ERS Group Insights

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Am I a Protected Veteran?

- Wednesday, December 16, 2015

An infographic with the title, “Am I A Protected Veteran?” was jointly published by the Department of Labor’s (DOL’s) Veterans’ Employment and Training Service (VETS) and the Office of Federal Contract Compliance Programs (OFCCP) in August of this year.


The title and graphic representation of the infographic was visually straightforward, but the reaction to the infographic’s release in the federal contractor/subcontractor community was not, particularly since the infographic was published during the required VETS-4212 reporting period, August 1 through September 30. In fact, the OFCCP felt the need to directly address the information in the infographic by adding two new questions to their New Vietnam Era Veterans Readjustment Assistance Act (VEVRAA) Regulations FAQ just this month. VEVRAA regulations articulate contractors’ nondiscrimination and affirmative action responsibilities towards increasing job opportunities for protected veterans, particularly in hiring.


What is an Active Duty Wartime Veteran?


The new FAQ questions regarding the protected veteran infographic are:


  • Does the infographic change the definition of "protected veteran" as defined in VEVRAA; and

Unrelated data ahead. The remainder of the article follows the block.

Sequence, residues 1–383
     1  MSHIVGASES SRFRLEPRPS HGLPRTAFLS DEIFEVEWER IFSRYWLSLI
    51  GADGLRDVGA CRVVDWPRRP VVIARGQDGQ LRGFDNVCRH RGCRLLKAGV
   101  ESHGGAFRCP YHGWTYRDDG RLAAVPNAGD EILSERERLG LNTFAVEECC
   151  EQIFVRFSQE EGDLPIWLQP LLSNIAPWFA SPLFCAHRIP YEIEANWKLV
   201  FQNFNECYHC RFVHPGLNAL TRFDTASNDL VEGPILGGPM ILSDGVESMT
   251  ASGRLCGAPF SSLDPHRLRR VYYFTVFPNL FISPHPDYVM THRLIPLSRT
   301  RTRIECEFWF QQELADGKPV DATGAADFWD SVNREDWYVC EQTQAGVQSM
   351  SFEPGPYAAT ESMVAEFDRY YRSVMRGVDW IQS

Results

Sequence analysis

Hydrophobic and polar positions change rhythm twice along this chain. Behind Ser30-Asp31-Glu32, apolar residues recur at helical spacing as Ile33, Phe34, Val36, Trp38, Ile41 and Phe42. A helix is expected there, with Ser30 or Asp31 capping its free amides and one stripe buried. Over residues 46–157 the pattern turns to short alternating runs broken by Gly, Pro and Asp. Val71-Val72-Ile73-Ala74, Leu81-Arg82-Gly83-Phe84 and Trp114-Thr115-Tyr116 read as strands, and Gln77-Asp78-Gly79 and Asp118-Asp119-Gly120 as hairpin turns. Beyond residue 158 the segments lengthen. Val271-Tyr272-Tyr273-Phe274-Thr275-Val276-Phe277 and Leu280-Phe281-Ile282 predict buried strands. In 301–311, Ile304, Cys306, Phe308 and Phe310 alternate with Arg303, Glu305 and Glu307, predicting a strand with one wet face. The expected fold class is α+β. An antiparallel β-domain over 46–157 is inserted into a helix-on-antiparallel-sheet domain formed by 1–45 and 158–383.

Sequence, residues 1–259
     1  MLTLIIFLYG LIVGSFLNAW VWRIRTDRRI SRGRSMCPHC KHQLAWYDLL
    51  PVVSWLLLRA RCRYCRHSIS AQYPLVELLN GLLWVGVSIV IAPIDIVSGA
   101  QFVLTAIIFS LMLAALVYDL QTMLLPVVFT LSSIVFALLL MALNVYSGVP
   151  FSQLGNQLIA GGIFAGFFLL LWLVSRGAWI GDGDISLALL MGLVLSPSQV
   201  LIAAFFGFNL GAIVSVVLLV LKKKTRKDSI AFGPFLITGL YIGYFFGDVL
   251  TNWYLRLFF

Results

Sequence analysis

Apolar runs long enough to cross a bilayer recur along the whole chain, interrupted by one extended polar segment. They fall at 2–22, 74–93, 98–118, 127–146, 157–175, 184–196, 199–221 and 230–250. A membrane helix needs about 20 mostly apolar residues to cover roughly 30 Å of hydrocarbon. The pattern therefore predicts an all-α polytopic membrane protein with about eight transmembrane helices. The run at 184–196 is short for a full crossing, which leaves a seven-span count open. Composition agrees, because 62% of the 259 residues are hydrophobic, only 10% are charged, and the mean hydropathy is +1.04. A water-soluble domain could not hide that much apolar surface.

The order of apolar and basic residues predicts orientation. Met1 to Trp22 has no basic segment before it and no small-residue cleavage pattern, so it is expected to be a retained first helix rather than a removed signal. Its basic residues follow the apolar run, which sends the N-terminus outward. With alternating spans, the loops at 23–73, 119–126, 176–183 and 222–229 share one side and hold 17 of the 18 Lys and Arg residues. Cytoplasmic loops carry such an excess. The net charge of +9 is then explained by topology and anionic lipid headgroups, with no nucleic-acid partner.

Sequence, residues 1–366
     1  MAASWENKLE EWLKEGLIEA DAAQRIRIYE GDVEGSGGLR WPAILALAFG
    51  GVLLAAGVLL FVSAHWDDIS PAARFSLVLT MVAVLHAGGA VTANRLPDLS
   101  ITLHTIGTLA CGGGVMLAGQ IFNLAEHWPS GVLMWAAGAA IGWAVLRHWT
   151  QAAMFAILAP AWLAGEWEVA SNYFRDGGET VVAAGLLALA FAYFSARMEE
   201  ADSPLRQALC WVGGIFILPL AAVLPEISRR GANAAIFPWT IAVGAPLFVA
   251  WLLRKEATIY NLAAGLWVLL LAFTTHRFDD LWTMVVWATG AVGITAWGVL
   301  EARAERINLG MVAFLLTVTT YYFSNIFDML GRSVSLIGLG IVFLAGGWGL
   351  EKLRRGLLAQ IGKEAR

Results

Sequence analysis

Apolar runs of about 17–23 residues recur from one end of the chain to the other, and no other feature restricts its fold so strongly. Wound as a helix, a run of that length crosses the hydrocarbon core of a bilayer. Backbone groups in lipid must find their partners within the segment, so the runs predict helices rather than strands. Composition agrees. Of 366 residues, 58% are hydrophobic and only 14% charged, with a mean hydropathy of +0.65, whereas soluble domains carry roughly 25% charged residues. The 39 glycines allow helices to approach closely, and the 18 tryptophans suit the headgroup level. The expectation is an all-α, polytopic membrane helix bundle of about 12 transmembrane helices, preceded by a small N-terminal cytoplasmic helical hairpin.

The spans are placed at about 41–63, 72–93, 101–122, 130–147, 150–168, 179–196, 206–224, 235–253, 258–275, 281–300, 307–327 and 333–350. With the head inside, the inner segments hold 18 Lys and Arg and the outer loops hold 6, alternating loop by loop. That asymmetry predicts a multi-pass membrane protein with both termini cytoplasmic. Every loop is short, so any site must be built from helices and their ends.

• The infographic’s description of an "active duty wartime" veteran is broader than what many previously understood. How did OFCCP determine the scope of this category of protected veteran?


The OFCCP explains that the four protected categories remain the same: disabled veteran; recently separated veteran; active duty wartime or campaign badge veteran; or Armed Forces service medal veteran. However, the definition of an “active duty wartime” veteran (under category three) is now expanded and specifically spelled out in the infographic and the FAQ to include “World War II, the Korean conflict, the Vietnam era, and the Persian Gulf War, which is defined as August 2, 1990, to the present.” Those who served from August 2, 1990 to the present are by definition included, whether or not a campaign badge was issued, and whether or not they served in combat.


What is the Significance of this Expanded Definition?


By expanding and clarifying the protected veteran definition, more veterans will almost certainly be self-identifying as protected veterans in the pre-offer and post-offer phases of applying for employment with federal contractors. For federal contractors and subcontractors, this is also a positive development, particularly as they are required to report applicant and workforce data on protected veterans in the VETS 4212 report, and as an integral piece of measuring their affirmative action efforts.


Contractors are annually required to set a protected veteran hiring benchmark, and most choose to do so based on the annual national percentage of veterans in the workforce. This percentage is currently at 7% (originally at 8% when VEVRAA regulations were released).


With more protected veterans answering in the affirmative regarding their status, and the benchmark decreasing, most contractors will be better able to answer in the affirmative that they are indeed making progress in reaching their protected veteran hiring benchmark and are measuring the effectiveness of their recruitment and affirmative action efforts with greater accuracy.  For additional information on protected veteran status and affirmative action, contact our OFCCP Compliance Group.


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